7/26/09: It is a warm sunny morning (gosh, it's a tough life!) and I am enjoying my coffee and reading Elise's chapters about Friendly Cove and Nootka Sound. Boy do I have the guilties about not stopping there yesterday. I feel like I failed "Exploring 101" so I talked Bob into backtracking. Off we went to walk the shores of history, check out the lighthouse and church and this time to visit the shop of the master carver.
And true to form, looking out at the Pacific waters it would have been a perfect day to sail. But we enjoyed walk and views so it was a good day anyway. Our plan was to anchor in Jewitt Cove however there wasn't enough room due the two cabin floats occupying good space (grrrr...) so we went back to Bodega Cove and had the place to ourselves once again.
Bodega Cove 19 NM round trip - Friendly Cove
7/27/09: We traveled north thru Tahsis Inlet, then hung a left into Hecate Channel and then another left into Esperanza Inlet with the plan to anchor at Rosa Harbour and then dinghy into Nachatlitz Inlet to explore the intricate area of rocks and coves. Well the anchor wouldn't set at Rosa Harbour so we bite the bullet and worked our way thru the narrow passage into Nachatlitz - WOW! What an incredible place to stay!!!
This is by far the most beautiful place we have stayed at - front row seat to watch the ocean with the protection from swells, waves and wind by the small inlands and islets surrounding the area. The Nachatlitz tribe lived in this area until the mid 70's. Elsie has 3 great chapters in her book devoted to this area. But unlike Steve who sailed into the harbor twice ... we motored in this the benefit of electronic charts. Yup we are weanies - no bottom paint left on any rocks here! Then I really felt bad after arriving into the cove to find a 60ft power boat snug as a bug at anchor. So much for great feats of navigation.
We had another sunny warm day ... enjoyed a dinghy ride around the small inhabited island all while watching the multitude of sea otters chowing down on sea urchins and clams. The sunset was incredible along with the gentle roar of the splashing waves.
Nachatlitz 49.48.722N 126.57.831W 25 NM
7/28/09: This place warranted another night's stay so we could explore the islands and islets. It seems to be a very popular area for kayakers since there were two groups camped out on the island. We wandered around the area by dinghy and snooped at various islands. We watched two sailboats come thru a very narrow passage and shook our heads in dismay at their guts passing thru a kelp filled and swallow area. Turns out one of the boats "Winterhawk" owned by Rick & Patty belong to the Puget Sound Cruising Club and we knew them! We had a great time chatting and catching up on each other's news. They filled us in on lots of activities happening on the east side of Vancouver Island and we did our best giving them a list of great anchorages on the west coast.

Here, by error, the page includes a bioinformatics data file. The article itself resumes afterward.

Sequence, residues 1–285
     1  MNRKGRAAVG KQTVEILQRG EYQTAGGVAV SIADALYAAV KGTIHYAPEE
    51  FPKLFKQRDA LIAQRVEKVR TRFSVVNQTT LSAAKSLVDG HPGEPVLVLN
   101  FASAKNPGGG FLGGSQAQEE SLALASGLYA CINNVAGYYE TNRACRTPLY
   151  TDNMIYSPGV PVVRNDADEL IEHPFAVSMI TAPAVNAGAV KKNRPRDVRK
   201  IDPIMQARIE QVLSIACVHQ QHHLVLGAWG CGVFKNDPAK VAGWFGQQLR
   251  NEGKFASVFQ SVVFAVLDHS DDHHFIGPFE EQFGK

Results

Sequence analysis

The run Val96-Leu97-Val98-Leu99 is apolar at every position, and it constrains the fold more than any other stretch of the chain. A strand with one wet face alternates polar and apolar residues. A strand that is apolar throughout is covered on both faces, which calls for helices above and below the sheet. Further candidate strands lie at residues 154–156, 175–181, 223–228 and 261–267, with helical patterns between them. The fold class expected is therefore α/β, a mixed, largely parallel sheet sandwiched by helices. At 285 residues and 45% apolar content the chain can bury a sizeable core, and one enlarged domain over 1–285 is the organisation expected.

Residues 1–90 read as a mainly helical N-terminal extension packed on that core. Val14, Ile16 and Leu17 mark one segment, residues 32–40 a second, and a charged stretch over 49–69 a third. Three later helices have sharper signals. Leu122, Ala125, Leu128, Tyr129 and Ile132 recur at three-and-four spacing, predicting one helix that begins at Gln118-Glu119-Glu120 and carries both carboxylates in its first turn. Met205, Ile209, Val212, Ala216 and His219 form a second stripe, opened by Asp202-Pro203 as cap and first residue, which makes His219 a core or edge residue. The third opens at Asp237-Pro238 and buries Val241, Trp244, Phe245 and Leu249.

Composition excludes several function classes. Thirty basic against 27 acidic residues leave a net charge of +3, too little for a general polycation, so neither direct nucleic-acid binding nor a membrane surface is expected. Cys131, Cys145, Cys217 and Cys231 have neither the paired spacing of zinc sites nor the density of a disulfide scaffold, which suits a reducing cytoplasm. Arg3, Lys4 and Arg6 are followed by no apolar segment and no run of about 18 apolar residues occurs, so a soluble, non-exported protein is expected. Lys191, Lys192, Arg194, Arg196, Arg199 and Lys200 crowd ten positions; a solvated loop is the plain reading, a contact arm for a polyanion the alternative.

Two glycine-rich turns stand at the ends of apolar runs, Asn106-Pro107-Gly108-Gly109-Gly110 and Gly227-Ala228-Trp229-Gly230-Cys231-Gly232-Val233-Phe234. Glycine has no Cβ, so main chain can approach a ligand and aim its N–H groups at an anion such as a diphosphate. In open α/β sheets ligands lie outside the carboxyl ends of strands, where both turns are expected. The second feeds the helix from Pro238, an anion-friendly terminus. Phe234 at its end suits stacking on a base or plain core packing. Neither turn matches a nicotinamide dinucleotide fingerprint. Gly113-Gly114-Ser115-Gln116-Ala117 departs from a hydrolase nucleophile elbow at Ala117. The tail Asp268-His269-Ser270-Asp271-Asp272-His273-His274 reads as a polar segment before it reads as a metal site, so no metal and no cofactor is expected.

We were plagued with another beautiful sunset and warm evening. All thoughts of last year's cold and rain in Alaska have been forgotten thanks to this beautiful summer we have been experiencing.
7/29/09: Time to move on to Kyuquot (Ky-oo-kit) Sound which means going back out to the high seas. Sounds awesome eh? Well it was another motoring day with 6-9 seas - yuck! I am learning though - this morning I only had ½ cup of coffee and that sure seemed to help the stomach stay reasonably settled. We had no wind but at least it was clear and sunny.
Our destination was Petroglyph Cove on Amai Inlet (some locals know it as Blue Lips Cove) but we stopped for about an hour to enjoy the Rugged Point Marine Park (est 1989). This place has numerous campsites, beach trails and good landing spots for kayakers. We anchored off and rowed the dinghy to shore to hike the short trail over to the west side. This was another "Hot" day ... how often can you wear t-shirts, shorts and sandals travelling up the west coast of VI with NO coats.
After snooping about Rugged Point Park we motored the final hour up to our anchorage. Once again we navigated thru a narrow passage into a small well protected cove. We had been advised to avoid Dixie Cove (another marine park on Hohoae Island) because the horse flies would eat you alive and carry away small children. This place had its share but not unmanageable with a good swatting towel.